As EMV chip technology and real-time fraud alerts have improved for debit card transactions, criminals have unfortunately resorted to check fraud. Mobile deposit services make check fraud even more enticing for fraudsters, as they now don’t even have to visit their bank to make their deposit and avoid the risk of physical inspection of the actual check.
Criminals are stealing mail from mailboxes, including U.S. Postal Service receptacles. Checks that you have written and mailed are at risk of being stolen and “washed.” Check washing is a process in which criminals use chemicals to erase the ink on a check, and then they “reuse” the checks by rewriting them payable to themselves. For example, if you mail a $1,000 check for your mortgage payment, a criminal may “erase” the mortgage company name, replace it with their name, and the check will eventually clear your account while your mortgage payment remains due. They also often increase the dollar amount of the check.
Positive Pay is a great option for business owners to protect their accounts from check fraud. This feature provides early detection of fraudulent, altered, or counterfeit checks by comparing checks that clear your account to a list of items you provided to us through online banking. Any exceptions are sent for your review and approval. This enables us to quickly return fraudulent items to the Bank of First Deposit (BOFD). Contact our Electronic Banking department at (318) 255-3733 or email them at firstname.lastname@example.org for more information.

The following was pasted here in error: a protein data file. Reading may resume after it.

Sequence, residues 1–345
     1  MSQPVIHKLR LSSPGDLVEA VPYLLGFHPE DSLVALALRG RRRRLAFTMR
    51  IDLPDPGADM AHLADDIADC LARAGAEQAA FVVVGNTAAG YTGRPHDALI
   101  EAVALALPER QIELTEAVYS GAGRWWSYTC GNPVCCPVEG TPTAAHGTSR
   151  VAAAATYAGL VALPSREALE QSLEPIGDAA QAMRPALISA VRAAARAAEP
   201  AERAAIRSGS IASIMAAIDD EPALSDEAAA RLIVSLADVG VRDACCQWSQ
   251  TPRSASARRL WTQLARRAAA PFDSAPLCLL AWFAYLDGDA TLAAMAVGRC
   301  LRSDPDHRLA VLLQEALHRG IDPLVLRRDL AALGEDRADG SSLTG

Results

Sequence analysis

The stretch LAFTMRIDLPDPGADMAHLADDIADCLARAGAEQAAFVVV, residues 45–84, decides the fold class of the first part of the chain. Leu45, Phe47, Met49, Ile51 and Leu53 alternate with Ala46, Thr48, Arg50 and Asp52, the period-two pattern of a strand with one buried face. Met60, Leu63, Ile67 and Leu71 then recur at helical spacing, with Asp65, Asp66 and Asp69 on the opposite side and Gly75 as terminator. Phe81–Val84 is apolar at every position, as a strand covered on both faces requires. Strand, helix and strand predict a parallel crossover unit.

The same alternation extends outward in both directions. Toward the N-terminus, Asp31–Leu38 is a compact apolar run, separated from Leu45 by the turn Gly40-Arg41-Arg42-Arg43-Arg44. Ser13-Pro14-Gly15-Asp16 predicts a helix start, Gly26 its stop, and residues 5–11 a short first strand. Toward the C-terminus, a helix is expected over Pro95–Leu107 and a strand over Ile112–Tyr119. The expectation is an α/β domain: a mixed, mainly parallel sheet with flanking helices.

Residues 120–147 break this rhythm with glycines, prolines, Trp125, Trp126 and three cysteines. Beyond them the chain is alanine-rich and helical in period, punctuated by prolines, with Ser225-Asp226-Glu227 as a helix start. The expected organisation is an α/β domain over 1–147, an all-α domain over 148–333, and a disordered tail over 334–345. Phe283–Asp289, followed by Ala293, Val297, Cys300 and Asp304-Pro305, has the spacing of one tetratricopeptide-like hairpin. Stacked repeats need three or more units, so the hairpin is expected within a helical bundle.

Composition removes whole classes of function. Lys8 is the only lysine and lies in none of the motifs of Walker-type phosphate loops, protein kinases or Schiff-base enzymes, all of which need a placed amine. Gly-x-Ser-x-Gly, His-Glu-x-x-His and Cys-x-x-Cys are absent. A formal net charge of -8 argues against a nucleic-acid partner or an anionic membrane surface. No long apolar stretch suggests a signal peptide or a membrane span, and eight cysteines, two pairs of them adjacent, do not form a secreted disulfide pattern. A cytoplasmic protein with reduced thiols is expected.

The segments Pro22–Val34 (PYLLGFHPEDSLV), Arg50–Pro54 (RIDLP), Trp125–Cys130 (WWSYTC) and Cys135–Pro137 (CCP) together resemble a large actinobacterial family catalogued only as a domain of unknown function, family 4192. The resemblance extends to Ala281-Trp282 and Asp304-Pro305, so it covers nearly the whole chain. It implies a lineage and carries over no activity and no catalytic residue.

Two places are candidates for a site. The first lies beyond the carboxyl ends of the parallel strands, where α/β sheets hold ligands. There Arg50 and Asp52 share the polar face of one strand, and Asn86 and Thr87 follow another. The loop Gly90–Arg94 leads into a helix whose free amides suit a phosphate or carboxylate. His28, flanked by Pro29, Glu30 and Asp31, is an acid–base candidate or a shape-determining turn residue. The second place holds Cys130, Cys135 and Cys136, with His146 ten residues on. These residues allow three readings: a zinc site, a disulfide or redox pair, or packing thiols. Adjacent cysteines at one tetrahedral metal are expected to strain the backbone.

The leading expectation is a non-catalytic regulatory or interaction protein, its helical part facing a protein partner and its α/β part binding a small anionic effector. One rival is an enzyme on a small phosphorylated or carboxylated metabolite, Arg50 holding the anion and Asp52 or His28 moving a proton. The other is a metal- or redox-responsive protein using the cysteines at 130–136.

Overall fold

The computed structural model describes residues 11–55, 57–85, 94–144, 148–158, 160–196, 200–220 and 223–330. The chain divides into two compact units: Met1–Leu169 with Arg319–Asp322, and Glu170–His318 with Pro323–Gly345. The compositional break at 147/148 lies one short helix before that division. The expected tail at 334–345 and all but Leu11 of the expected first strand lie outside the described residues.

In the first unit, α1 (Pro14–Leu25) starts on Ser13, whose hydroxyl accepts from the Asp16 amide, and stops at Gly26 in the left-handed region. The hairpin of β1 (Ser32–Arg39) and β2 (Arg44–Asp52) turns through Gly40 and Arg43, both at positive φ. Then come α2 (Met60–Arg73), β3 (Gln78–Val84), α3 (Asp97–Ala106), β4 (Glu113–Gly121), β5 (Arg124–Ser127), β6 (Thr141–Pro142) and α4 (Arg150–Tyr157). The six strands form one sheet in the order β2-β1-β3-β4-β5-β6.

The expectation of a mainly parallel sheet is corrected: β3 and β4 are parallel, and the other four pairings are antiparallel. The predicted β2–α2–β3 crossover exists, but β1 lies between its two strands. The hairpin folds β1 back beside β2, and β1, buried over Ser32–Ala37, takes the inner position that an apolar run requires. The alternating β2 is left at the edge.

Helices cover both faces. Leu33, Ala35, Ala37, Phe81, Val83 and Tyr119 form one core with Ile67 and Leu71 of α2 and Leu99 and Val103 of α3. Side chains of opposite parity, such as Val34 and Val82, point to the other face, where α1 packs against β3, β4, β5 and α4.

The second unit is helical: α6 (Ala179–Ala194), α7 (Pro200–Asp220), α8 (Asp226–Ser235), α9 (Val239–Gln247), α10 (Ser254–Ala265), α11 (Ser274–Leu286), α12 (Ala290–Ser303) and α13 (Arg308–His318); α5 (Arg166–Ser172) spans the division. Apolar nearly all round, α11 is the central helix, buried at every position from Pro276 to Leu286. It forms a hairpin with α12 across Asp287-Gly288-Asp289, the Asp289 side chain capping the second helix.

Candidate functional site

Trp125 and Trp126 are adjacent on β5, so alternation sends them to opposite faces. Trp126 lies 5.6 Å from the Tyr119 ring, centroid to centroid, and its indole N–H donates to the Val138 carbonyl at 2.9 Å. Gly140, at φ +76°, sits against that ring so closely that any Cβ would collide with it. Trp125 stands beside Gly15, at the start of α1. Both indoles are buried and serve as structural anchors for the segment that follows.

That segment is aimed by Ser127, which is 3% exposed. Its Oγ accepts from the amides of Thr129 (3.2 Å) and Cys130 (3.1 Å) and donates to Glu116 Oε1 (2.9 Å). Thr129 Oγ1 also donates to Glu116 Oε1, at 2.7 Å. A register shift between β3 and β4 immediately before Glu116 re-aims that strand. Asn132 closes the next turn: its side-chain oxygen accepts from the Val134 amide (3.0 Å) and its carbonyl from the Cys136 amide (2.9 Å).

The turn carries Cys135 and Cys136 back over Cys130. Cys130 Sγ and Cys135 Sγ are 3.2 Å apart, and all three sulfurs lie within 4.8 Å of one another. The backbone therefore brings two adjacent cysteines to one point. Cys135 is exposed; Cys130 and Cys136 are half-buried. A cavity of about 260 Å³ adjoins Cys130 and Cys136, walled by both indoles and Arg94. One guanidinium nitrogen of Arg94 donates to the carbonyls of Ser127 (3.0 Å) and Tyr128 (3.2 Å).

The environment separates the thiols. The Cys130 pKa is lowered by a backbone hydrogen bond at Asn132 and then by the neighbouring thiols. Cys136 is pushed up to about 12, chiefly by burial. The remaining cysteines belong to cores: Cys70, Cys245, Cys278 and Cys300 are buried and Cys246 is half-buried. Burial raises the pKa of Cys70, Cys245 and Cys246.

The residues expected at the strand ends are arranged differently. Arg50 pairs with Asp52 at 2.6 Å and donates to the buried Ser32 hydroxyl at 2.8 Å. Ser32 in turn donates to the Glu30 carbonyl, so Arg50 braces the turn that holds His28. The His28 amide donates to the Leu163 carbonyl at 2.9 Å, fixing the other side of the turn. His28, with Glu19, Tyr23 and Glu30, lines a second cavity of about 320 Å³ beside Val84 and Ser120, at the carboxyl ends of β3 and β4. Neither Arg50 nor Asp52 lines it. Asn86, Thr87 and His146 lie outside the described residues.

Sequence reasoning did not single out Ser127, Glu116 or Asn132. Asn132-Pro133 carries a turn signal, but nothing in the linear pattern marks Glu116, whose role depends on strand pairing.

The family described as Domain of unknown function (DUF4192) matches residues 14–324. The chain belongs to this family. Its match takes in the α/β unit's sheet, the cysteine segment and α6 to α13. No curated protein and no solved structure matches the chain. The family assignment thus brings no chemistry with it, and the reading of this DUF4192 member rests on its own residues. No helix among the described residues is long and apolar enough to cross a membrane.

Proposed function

Most gel pens are great options to use for handwritten checks. The ink turns to liquid when applied to the check and then turns back to a solid as it dries. This makes the ink resistant to many of the chemicals check washers use.
Consider making payments securely online when possible. Placing bills in a residential mailbox and raising the flag is an invitation for mail thieves. If you must mail a check, consider purchasing a lockbox from the post office.
Online banking and mobile banking provide easy access for you to view your account history. Viewing check images is extremely important. Remember that the check number and dollar amount may not have changed, but the payee name may have been altered. Promptly notify us if any fraudulent items are detected.